Harrison’s Landing, James River, Va.,

Monday, August 11, 1862.

Dear Brother and Sister:—

I received your letters of the 1st and 4th last night. I do not know how long I shall be permitted to write, as everything is packed up and we have marching orders. As usual, we know nothing about our destination, but I think a general movement of the army is contemplated.

Last week we spent over the river. We crossed Tuesday morning and we had a splendid time. I was mistaken in the ownership of the house that was burnt over there, of which I spoke in my last letter. It was not Edmund Ruffin’s, but belonged to another man. Ruffin’s plantation is next above the burned house. We spent most of the week on it or in the vicinity. He had a beautiful situation and an excellent farm. There are acres of corn there eighteen feet high—the largest corn I ever saw. Apple and peach orchards breaking down with their loads of fruit stand ripening in the southern sun, and southern sun means something, too. The thermometer was up to 109 last Friday, and Thursday was hotter still. We lived while we were over there. Guarding secesh property is played out and we had full liberty to “acquire” anything we could find to eat. Pigs and poultry were plenty and we could have lived on them if we had taken salt with us, but salt could not be found. Flour and meal were found, though, and if we didn’t have pancakes and hoecakes and apple sass, peaches and plums, and new potatoes and green corn, it was because we were too lazy to get them. We slept in the woods. It would have been a novel sight to you to have passed through the woods at midnight and to have seen how soldiers sleep. Lying on the ground with no covering, heads pillowed on the roots of oaks and beeches, faces upturned in the moonlight, they might have looked like inanimate objects, but the sharp note of a bugle, or the “Fall in Eighty-third” would have started them to their feet in an instant.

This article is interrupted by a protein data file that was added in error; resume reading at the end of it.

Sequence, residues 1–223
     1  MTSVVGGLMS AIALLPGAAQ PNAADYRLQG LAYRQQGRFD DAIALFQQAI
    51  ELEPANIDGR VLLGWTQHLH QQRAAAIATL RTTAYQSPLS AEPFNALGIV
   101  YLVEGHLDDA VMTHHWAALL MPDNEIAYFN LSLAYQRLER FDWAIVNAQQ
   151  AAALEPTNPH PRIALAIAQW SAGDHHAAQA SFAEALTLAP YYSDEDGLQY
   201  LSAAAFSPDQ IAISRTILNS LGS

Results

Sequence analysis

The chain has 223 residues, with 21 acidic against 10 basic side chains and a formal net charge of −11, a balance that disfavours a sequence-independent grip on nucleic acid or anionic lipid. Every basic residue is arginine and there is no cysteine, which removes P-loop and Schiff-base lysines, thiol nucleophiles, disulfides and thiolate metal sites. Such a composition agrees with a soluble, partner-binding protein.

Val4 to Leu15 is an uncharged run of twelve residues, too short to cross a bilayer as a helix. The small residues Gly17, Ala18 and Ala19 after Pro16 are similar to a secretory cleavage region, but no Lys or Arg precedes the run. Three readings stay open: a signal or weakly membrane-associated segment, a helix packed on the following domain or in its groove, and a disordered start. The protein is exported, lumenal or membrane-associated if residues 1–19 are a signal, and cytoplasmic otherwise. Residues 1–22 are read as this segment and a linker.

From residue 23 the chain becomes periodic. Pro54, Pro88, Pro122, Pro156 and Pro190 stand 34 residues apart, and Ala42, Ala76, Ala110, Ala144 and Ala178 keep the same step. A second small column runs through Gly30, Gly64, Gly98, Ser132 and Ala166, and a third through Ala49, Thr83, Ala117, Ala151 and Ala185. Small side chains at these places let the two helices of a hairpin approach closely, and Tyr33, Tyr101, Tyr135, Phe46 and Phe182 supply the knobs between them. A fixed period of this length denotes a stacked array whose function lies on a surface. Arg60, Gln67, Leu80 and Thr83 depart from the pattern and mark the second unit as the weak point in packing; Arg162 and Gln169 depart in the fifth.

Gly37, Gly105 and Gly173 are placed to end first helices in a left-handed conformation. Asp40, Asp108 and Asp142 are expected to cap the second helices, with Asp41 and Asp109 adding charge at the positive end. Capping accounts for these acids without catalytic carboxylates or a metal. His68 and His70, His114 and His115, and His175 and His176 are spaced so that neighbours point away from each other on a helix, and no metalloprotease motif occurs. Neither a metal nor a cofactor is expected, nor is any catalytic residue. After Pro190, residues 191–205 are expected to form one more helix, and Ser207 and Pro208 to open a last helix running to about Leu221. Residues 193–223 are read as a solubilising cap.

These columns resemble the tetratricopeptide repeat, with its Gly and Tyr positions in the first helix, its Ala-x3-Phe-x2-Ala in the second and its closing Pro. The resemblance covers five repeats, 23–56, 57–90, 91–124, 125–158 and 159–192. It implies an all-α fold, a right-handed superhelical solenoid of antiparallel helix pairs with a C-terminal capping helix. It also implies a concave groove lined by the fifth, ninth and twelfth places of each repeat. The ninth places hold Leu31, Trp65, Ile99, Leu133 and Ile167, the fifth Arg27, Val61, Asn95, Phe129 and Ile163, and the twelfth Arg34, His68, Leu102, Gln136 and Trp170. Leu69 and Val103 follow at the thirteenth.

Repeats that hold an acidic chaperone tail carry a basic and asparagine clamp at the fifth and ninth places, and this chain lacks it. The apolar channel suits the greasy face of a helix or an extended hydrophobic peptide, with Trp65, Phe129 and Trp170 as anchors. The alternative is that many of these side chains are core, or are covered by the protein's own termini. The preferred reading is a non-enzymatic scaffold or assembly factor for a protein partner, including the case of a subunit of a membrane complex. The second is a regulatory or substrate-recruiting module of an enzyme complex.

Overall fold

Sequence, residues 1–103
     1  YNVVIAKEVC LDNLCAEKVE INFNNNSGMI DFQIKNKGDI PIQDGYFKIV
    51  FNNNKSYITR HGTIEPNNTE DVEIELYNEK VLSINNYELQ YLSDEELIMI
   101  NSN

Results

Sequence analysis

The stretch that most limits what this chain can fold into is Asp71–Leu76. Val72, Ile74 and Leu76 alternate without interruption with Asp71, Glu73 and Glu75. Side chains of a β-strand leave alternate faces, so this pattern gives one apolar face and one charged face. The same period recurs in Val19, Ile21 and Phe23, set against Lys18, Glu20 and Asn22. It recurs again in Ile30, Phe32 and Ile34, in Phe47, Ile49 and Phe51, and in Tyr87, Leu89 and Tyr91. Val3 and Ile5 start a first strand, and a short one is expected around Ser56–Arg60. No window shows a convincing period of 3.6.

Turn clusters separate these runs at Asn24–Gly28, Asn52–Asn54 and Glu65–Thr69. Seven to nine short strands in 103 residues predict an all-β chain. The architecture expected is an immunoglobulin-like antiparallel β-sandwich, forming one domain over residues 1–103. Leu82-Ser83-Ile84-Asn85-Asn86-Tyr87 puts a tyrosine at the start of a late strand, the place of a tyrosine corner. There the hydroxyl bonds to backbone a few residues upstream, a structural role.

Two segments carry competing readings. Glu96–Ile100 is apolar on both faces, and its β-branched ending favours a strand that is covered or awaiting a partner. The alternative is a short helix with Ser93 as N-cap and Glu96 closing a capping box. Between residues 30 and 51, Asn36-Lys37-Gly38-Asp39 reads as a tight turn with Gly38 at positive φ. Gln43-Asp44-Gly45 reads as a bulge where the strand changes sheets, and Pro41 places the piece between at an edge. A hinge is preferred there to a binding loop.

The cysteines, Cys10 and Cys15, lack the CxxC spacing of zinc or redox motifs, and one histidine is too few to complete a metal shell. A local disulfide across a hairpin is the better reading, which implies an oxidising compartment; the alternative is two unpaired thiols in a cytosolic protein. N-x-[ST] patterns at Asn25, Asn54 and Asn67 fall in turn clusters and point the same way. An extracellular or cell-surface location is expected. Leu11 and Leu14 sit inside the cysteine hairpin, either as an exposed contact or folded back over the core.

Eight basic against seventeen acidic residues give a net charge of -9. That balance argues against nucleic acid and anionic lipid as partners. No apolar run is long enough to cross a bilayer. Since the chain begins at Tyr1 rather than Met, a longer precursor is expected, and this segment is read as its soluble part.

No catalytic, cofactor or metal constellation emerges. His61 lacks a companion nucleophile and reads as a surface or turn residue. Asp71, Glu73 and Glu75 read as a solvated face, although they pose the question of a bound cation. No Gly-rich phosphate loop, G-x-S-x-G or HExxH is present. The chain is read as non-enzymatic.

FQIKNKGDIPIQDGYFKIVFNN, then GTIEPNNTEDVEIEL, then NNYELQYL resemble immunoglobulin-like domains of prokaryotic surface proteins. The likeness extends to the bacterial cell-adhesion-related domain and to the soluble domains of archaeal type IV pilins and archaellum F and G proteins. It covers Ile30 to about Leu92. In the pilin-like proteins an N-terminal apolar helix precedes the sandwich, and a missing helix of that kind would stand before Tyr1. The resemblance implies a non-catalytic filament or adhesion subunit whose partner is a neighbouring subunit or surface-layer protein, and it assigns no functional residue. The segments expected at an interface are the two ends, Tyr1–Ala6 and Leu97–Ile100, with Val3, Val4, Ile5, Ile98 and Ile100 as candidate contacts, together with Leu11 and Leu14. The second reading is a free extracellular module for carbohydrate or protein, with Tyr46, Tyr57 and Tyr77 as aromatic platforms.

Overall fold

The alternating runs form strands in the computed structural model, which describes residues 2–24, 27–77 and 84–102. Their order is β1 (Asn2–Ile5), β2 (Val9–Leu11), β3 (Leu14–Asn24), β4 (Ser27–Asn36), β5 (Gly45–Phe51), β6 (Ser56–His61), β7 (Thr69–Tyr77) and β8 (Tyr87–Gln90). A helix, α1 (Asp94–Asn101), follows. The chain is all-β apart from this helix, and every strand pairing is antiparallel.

I wish I had the ability to describe the home of the Ruffins to you. It is the only place I have yet seen that gave much evidence that the owner is anything more than in name and pretension an F. F. V. The house itself is not very large or pretentious, but it shows that it was the abode of wealth and taste. There is an air of aristocracy and luxury about these old southern mansions that time alone can give. We never see it in the north. The grounds about this place are the most beautifully laid out of any I have ever seen. It is the realization of the imaginary residences of the heroines we read of in romance. Before the house is a beautiful clean-swept lawn, shaded by magnificent oaks and tulip trees that look as though they had seen a century’s growth at least. And then, the winding walks and avenues, shady bowers and summer houses covered with roses and drooping with graceful festoons of flowers, whose names are unknown to me, but whose beauty and fragrance I can appreciate you must see them to know their beauty. The “servants’ quarters” are not the miserable log huts with mud floors like those at the White House, but clean painted frame buildings tastefully arranged in the shade of those old trees. A little apart from the main building is a smaller one, where I imagine the master spent much of his time. It was his library, study and office. He is evidently a scholar and a writer of no mean ability. He was the editor of an agricultural periodical and had held many offices of public trust and confidence. His library was very large and valuable, mostly of agricultural works, but containing a great number of scientific and classical books. Thousands of books were carried off by our men.